Tom Petty Shows He’s Aged Well
By Eric R. Danton
Hartford Courant — June 13, 2008
Tom Petty declared two years ago that he was no longer interested in mounting full-scale national concert tours.
Wednesday night, he and the Heartbreakers played Dodge Music Center in Hartford as part of a 38-date summer tour. If that’s not full-scale, nothing is, especially given the size of Petty’s innovative stage set.
Like the trunk of a huge tree, four curving steel light rigs rose in gentle arcs from a central spot onstage, branching into a canopy of video screens overhead along the front of the stage, with LED video cubes hanging over the band.
It was a focal point during the show, but not the focal point. That, of course, was the music.
Petty and his band played for nearly two hours, emphasizing their well-loved older material, with a handful of newer and obscure numbers thrown in.
He and the band were in an expansive mood, adding measures for guitarist Mike Campbell to noodle around on opener “You Wreck Me,” giving pianist Benmont Tench room to play on the somber “Face in the Crowd ” and extending “Saving Grace” into a fiery jam.
Petty’s distinctive voice – that flat, nasal twang – has stood up well over the years, though he strained a little on the high end of “Even the Losers.” He had plenty of help, however: The crowd often sang as loud as Petty did, and he noticed.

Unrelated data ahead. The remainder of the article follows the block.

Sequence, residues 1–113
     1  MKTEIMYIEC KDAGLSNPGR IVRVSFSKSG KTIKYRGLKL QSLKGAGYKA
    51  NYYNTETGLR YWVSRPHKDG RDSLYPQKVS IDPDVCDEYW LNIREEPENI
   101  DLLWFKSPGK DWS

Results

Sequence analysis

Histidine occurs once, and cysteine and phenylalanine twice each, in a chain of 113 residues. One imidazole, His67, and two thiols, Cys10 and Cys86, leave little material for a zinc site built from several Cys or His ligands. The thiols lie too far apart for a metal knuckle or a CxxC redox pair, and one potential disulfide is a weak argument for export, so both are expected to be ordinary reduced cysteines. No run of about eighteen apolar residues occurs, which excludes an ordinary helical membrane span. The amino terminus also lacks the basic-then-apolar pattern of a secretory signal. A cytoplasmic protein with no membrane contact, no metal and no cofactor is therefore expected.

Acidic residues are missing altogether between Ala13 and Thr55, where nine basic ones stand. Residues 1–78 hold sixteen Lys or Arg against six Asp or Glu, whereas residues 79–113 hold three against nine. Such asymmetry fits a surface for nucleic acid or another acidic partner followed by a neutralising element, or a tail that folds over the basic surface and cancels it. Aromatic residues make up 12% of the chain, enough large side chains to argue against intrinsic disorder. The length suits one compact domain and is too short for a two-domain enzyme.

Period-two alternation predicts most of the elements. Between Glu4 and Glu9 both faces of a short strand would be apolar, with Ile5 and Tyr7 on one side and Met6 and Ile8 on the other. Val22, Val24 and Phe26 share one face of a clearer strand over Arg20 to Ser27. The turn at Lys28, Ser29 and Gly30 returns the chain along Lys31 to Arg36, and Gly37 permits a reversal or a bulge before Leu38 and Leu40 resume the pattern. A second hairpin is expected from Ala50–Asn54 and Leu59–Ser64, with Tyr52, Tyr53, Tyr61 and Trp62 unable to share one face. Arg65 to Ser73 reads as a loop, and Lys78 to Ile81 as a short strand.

“I can hear you out there singing,” he said after “Mary Jane’s Last Dance.” “Let’s all do one together.”
The sizable audience was happy to join in on the next tune, “I Won’t Back Down,” and also sang “Free Fallin’,” “Breakdown,” “You Don’t Know How It Feels” and an acoustic version of “Learning to Fly.” He’s been playing the latter song that way in concert since at least the mid-’90s, and it’s still mesmerizing.
Apart from “Sweet William,” a song he released on a German EP, most of the songs on Petty’s set list have received substantial radio play over the years, and it made rockers like “Refugee” feel timeless, like visiting with old friends.
“Refugee” ended the main set, though Petty returned for a three-song encore that started with the taut riff from “Runnin’ Down a Dream” and included a fast cover of the blues standard “Baby Please Don’t Go,” set to a boom-chicka-boom rhythm. The band ended with “American Girl.”
Steve Winwood opened the show with a mix of tunes from his new album, “Nine Lives,” and songs spanning his lengthy career. The latter drew the biggest cheers, especially “Dear Mr. Fantasy” and “Gimme Some Lovin’.”